mCLCA3 does not contribute to calcium-activated chloride conductance in murine airways

Lars Mundhenk, Bjarki Johannesson, Pinelopi Anagnostopoulou, Josephine Braun, Melanie K. Bothe, Carsten Schultz, Marcus A. Mall, Achim D. Gruber

Research output: Contribution to journalArticlepeer-review

21 Scopus citations


Ca2+-activated Cl- channels (CaCCs) contribute to airway Cl- and fluid secretion, and were implicated in the modulation of disease severity and as a therapeutic target in cystic fibrosis (CF). Previous in vitro studies suggested that members of the CLCA gene family, including the murine mCLCA3, contribute to CaCCs. However, the role of mCLCA3 in ion transport in native airway epithelia has not been studied, to the best of our knowledge. In this study, we used mCLCA3-deficient mice and determined bioelectric properties in freshly excised tracheal tissue, airway morphology, and gene expression studies, to determine the role of mCLCA3 in airway ion transport and airway structure. Bioelectric measurements did not detect any differences in basal short-circuit current, amiloride-sensitive Na+ absorption, cyclic adenosine monophosphate-dependent Cl- secretion, and activation of Ca2+-activated (uridine-5′-triphosphate- mediated) Cl- secretion in mCLCA3-deficient mice compared with wild-type mice. Moreover, no histological changes were observed in the respiratory tract or any other tissues of mCLCA3-deficient mice when compared with wild-type control mice. The intratracheal instillation of IL-13 produced an approximately 30-fold up-regulation of mCLCA3 transcripts without inducing CaCC activity in wild-type airways, and induced goblet-cell hyperplasia and mucin gene expression to similar levels in both genotypes. Further, multiple specific reverse-transcriptase quantitative PCR assays for other CaCC candidates, including mCLCA1, mCLCA2, mCLCA4, mCLCA5, mCLCA6, mCLCA7, mBEST1, mBEST2, mCLC4, mTTYH3, and mTMEM16A, failed to identify the differential expression of genes in the respiratory tract that may compensate for a lack of mCLCA3 function. Together, these findings argue against a role of mCLCA3 in CaCC-mediated Cl - secretion in murine respiratory epithelia.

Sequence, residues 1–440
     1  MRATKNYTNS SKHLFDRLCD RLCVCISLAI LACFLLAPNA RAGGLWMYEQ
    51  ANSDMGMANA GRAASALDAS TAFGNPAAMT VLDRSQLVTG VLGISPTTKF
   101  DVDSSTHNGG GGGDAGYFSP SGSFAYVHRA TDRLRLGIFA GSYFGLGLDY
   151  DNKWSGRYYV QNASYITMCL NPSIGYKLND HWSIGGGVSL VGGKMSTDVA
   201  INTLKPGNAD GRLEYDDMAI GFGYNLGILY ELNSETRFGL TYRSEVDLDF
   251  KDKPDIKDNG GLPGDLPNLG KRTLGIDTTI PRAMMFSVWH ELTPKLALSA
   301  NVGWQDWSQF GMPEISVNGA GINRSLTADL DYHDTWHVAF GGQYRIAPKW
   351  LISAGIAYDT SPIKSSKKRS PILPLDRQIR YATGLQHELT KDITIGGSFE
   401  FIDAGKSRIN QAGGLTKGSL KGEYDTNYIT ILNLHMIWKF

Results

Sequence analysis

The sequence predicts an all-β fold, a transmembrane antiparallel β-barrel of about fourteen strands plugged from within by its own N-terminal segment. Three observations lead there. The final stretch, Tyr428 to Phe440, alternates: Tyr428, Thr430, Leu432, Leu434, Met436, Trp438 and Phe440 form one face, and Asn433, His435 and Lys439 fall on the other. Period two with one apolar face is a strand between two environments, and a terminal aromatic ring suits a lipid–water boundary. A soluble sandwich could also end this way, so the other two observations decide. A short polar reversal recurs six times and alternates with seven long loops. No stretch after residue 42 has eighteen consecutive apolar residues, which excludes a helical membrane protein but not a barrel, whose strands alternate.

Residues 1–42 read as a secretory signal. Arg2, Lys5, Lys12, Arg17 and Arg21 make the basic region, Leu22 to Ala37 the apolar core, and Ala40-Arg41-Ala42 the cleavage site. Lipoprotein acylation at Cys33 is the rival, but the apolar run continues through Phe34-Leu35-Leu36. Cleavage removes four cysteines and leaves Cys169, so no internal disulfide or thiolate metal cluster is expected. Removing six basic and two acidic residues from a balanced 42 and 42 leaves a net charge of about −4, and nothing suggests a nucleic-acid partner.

Original languageEnglish (US)
Pages (from-to)87-93
Number of pages7
JournalAmerican journal of respiratory cell and molecular biology
Issue number1
StatePublished - Jul 2012
Externally publishedYes


  • Airway ion transport
  • CaCC
  • Cl secretion
  • Cystic fibrosis
  • Knockout mouse model

ASJC Scopus subject areas

  • Molecular Biology
  • Pulmonary and Respiratory Medicine
  • Clinical Biochemistry
  • Cell Biology


Dive into the research topics of 'mCLCA3 does not contribute to calcium-activated chloride conductance in murine airways'. Together they form a unique fingerprint.

Cite this